Sen. Dick DurbinDick DurbinSchumer sets Monday showdown on debt ceiling-government funding bill Democrats surprised, caught off guard by 'framework' deal Senate panel advances antitrust bill that eyes Google, Facebook MORE (D-Ill.), chairman of the Senate Judiciary Committee, called on the Justice Department to end its legal defense of the indefinite detention of prisoners at Guantanamo Bay.
Durbin sent a letter on Wednesday to Attorney General Merrick GarlandMerrick GarlandHouse passes bill to ensure abortion access in response to Texas law Delta pushes for national 'no fly' list of unruly passengers after banning 1,600 from flights Democrats demand more action from feds on unruly airline passengers MORE urging him to reconsider the department's positions defending the practice of holding terrorism suspects at the military prison without due process rights.
"The Department’s legal positions should reflect our nation’s commitment to liberty and the rule of law, recognizing that our nation is strongest when it adheres to its core values," Durbin wrote.
"Legal positions or arguments that may have once seemed justified to some in the aftermath of 9/11 must be viewed in light of current circumstances," he continued. "As we approach the 20th anniversary of those attacks and the withdrawal of U.S. forces in Afghanistan, the Department should revisit its positions and arguments regarding the continued authority to detain men without charge or trial—and without due process—at Guantanamo."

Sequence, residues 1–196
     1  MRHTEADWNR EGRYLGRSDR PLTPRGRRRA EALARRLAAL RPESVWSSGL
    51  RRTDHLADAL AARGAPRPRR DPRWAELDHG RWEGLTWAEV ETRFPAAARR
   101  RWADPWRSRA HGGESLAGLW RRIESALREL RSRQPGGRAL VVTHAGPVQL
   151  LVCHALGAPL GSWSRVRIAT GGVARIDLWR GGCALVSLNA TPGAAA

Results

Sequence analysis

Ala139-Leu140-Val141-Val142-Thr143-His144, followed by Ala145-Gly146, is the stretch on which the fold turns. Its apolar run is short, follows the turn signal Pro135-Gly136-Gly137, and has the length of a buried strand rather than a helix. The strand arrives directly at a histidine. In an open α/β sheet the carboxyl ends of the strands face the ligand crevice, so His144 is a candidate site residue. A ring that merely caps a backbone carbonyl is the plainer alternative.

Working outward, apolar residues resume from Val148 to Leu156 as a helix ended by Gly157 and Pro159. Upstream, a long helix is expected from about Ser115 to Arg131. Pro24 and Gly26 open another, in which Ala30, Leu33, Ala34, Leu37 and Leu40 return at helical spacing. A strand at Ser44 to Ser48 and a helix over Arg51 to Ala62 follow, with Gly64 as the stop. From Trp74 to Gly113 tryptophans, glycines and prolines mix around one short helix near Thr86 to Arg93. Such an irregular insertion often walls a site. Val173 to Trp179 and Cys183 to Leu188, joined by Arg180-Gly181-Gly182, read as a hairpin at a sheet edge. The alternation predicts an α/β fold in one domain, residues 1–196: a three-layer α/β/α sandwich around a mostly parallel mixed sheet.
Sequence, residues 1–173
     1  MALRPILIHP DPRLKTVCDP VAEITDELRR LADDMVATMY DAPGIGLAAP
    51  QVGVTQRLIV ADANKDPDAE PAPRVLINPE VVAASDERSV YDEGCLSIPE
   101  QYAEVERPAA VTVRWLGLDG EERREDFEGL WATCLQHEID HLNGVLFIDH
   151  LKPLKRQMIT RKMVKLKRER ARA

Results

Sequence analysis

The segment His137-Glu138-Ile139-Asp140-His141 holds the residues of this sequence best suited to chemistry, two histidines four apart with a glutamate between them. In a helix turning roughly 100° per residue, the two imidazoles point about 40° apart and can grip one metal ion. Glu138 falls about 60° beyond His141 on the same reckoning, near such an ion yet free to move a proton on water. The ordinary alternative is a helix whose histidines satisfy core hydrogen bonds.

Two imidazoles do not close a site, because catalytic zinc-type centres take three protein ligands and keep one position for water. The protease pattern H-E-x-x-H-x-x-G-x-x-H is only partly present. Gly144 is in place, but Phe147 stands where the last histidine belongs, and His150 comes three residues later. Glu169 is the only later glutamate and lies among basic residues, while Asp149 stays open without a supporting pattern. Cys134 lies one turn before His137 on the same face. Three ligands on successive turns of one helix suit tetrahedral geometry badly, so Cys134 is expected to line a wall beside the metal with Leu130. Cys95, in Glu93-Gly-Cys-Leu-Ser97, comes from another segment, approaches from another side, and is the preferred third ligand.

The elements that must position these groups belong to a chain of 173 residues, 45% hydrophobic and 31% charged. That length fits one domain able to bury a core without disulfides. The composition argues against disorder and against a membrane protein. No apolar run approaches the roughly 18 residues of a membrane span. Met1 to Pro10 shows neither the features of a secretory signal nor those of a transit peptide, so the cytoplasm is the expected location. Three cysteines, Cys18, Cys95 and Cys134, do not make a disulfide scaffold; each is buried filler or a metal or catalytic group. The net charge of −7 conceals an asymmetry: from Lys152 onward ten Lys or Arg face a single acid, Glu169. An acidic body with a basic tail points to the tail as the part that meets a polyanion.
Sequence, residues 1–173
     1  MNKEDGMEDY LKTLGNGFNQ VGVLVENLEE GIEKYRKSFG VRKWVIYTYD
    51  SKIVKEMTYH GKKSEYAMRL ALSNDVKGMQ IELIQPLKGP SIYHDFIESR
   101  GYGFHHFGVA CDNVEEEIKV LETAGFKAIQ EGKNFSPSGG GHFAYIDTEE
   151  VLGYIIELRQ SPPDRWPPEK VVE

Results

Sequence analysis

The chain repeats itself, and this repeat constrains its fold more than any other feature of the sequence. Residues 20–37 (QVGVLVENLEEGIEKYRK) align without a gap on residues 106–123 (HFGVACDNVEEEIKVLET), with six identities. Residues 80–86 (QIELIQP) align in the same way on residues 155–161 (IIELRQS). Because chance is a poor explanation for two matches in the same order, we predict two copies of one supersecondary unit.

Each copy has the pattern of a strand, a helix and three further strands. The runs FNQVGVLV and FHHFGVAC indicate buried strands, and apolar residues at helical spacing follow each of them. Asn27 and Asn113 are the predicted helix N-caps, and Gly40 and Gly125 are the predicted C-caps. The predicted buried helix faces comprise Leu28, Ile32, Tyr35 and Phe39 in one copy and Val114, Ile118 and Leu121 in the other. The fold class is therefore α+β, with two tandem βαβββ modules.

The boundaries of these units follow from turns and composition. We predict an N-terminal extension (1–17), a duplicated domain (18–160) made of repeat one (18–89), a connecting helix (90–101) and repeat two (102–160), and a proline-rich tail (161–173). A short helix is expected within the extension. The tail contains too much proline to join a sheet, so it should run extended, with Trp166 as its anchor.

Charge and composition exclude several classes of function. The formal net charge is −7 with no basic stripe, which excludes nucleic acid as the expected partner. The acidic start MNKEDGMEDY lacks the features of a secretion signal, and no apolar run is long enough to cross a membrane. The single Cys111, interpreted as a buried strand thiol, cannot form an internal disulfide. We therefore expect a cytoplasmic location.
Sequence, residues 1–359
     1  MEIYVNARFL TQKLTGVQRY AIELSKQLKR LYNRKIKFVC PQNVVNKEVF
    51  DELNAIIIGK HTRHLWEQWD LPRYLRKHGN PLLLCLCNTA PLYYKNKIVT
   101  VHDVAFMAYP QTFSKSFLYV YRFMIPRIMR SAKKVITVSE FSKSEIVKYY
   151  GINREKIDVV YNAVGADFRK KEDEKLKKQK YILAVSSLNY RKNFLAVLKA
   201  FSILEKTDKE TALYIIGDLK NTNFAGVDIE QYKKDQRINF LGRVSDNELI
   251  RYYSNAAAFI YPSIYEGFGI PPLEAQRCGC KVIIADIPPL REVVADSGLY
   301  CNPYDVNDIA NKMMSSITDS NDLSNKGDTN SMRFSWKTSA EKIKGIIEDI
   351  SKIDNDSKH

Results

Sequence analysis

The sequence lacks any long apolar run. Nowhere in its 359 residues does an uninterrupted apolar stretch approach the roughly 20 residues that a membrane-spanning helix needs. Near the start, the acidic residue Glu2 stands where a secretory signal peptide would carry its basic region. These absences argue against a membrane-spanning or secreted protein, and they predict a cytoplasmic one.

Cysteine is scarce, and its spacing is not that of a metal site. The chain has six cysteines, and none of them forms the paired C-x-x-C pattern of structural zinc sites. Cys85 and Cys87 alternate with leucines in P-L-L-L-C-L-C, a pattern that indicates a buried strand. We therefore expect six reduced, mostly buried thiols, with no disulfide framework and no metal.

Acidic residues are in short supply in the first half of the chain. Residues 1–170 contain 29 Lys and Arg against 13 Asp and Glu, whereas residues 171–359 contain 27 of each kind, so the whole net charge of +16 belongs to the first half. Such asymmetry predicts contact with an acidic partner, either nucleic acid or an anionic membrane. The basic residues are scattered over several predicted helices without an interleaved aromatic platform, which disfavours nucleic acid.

A spokesman for Garland did not immediately respond when asked for comment.
Eleven of the 40 remaining Guantanamo detainees are awaiting transfer to other countries as the Biden administration aims to close the facility.
Last year, a three-judge panel on the D.C. Circuit Court of Appeals rejected a legal challenge from one of the detainees, ruling that Guantanamo's prisoners do not have due process rights under the Constitution.
That ruling is being reviewed by the full D.C. Circuit, with oral arguments set for Sept. 30. The Department of Justice (DOJ) faces a Friday deadline to file a brief staking out its position in the case.
Durbin urged Garland on Wednesday to use the opportunity to reverse DOJ's position on the facility.
"It is well past time for the Department to reconsider its approach to the applicability of the basic safeguards of due process to the men who remain imprisoned without charge or trial at Guantanamo, as well as other positions that help perpetuate this moral stain on our nation," Durbin wrote.